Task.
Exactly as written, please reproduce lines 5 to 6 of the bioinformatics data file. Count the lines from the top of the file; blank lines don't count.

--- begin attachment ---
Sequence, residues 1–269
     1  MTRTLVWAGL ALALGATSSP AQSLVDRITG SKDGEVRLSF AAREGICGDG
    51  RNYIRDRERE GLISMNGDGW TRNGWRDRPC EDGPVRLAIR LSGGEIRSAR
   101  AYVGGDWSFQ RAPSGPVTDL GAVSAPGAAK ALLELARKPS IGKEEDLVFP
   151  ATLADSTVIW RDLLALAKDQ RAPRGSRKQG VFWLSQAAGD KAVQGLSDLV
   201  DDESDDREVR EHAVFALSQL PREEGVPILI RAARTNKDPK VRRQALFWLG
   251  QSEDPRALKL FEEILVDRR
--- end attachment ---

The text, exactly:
   151  ATLADSTVIW RDLLALAKDQ RAPRGSRKQG VFWLSQAAGD KAVQGLSDLV
   201  DDESDDREVR EHAVFALSQL PREEGVPILI RAARTNKDPK VRRQALFWLG